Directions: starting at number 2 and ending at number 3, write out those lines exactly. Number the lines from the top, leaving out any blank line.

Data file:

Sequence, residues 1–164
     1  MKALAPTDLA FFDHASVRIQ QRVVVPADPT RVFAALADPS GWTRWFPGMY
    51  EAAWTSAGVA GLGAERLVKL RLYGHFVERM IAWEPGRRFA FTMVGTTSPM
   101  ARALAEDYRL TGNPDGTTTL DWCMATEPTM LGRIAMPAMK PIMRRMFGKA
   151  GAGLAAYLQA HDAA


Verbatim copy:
     1  MKALAPTDLA FFDHASVRIQ QRVVVPADPT RVFAALADPS GWTRWFPGMY
    51  EAAWTSAGVA GLGAERLVKL RLYGHFVERM IAWEPGRRFA FTMVGTTSPM